I’ve continued to search for books that contribute to understanding the contemporary social and political dynamics that have emerged in the politics of the U.S., U.K., and other countries. Jonathan Haidt’s The Righteous Mind: Why Good People are Divided by Politics and Religion (2012) offered particularly helpful insight for those who espouse a more liberal worldview. In fact, one of major points Haidt made was that conservatives are generally more aware of liberal’s views than liberal of conservatives, resulting in blindness that is debilitating in the current climate.
The U.S. Presidential election of 2016 was shocking to many who believed that, regardless of one’s political perspective, the candidate with the greatest experience (Hillary Clinton) would win in a landslide. At the core of this was that the WEIRD (Western, educated, industrialized, rich, and democratic) portion of U.S. citizens were talking to themselves and were woefully unaware of how many others were being mobilized by Donald Trump’s candidacy.
One of the most important practical questions to resolve in any social system is the balance between the individual and the group. Most societies tip the priority to the group, resulting in a sociocentric perspective, while a few select societies place the individual at the center, resulting in an individualistic culture. An individualistic focus became more prominent during the Enlightenment period of Western societies. This focus on individualism was accompanied by a rationalistic (reasoning) bias rather than relying on intuitional (emotional/judgment) insight. Haidt characterized this rationalistic bias as delusional and asserted that intuitions come first and strategic reasoning afterward. With intuition as the driver, Haidt described a framework of five initial foundations of morality (p. 125); 1) care/harm, 2) fairness/cheating, 3) loyalty/betrayal, 4) authority/subversion, and 5) sanctity/degradation to which he eventually added another 6) liberty/oppression. His view is that most humans act on their intuition about what is “right” related to these six principles.
Haidt cited a number of research studies and anecdotal evidence that the six foundations of morality are at the core of human inclinations but he also offered evidence that liberal and conservative priorities are somewhat different. For example, liberals tend to place greater value on concerns related to care/harm. In addition, while both liberal and conservatives are concerned about liberty/oppression, liberals express greater concern about harm to vulnerable groups while conservatives are more concerned about the infringement of liberties resulting from government that intervenes too much in their lives. Liberals tend to construct most of their political arguments around the first three foundations while conservatives embrace these three plus add the others (authority/subversion, sanctity/degradation, and liberty/oppression) with relative equal weight across all the foundational moral principles. This is what he asserts as the fatal flaw in the thinking of liberals – they do not recognize, much less affirm, the full range of moral inclinations that are seen as essential to forming and sustaining a righteous society.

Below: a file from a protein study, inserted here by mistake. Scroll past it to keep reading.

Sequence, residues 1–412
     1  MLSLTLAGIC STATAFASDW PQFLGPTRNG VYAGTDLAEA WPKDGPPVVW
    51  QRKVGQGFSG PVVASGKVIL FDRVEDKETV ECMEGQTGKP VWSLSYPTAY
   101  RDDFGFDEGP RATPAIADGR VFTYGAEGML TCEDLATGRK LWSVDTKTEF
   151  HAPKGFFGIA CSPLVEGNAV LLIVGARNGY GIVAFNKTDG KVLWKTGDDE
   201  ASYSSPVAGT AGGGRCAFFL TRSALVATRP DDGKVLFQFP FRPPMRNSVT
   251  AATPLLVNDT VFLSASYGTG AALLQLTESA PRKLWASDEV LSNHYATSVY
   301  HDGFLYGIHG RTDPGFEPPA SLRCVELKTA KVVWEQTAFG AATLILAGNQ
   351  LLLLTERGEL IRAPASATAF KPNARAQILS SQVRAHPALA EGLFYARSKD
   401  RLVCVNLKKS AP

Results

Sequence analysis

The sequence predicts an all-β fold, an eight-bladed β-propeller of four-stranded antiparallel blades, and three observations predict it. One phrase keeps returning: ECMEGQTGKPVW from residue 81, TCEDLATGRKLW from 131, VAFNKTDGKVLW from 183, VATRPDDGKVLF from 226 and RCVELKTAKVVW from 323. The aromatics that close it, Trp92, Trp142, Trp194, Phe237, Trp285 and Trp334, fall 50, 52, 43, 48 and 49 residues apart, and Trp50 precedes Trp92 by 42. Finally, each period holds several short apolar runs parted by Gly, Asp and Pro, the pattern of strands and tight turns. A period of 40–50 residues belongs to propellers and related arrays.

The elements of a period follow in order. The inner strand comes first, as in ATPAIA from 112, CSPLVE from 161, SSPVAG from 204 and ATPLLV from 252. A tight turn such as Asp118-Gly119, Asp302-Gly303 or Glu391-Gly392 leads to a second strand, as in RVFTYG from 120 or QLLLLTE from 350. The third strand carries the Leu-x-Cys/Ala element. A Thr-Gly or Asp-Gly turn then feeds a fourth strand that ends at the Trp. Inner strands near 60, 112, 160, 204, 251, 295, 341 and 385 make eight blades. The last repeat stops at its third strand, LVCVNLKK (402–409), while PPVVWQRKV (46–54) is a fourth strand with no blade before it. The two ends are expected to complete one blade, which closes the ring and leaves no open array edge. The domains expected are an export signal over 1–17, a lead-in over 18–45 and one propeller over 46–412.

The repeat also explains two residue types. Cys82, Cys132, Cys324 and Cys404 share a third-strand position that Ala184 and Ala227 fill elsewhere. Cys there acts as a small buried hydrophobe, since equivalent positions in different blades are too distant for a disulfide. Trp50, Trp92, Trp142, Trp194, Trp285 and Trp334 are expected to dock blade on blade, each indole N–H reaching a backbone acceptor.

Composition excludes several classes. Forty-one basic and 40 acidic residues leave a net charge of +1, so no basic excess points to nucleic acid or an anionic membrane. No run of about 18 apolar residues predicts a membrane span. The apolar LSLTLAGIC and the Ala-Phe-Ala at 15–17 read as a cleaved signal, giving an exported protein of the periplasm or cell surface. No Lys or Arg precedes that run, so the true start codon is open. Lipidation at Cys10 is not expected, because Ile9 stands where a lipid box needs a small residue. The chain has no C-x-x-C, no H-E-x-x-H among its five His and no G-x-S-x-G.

Haidt’s perspectives were well documented and his book was organized to continually remind the reader where his argument was headed. While I would not entirely agree with the assertion that conservatives are better informed about liberal causes than vice versa, it is important for both conservatives and liberals to find ways to talk – to seek each other’s perspective, to suspend judgment, and to be open to new understandings. Ultimately, all of us could benefit from striving to create a society where the intuition behind our perspectives is exposed and where this intuitional inclination more explicitly recognizes the moral and ethical practices we observe. Especially at a point in human evolution where we have grown to recognize the need for a common understanding about how we should live in community, it is important to encompass the full range and not just a select number of moral foundations.
Perhaps our evolving communities will have their most powerful influence when “interlocking sets of values, virtues, norms, practices, identities, institutions, technologies, and evolved psychological mechanisms work together to suppress or regulate self-interest and make cooperative societies possible.” (p. 270) Religion and politics are important ways to create and regulate a righteous society but in order to be successful in the current divisive stand-off, religion, politics, technology and other connective systems need to open rather than close us to each other as we seek to identify solutions that can satisfy all. Ultimately, we need to become bound together across the full range of principles of an ethical society where “… everyone’s reputation is on the line all the time, so that bad behavior will always bring bad consequences.” (p. 74) Likewise, where good behavior, broadly recognized and enacted, is rewarded.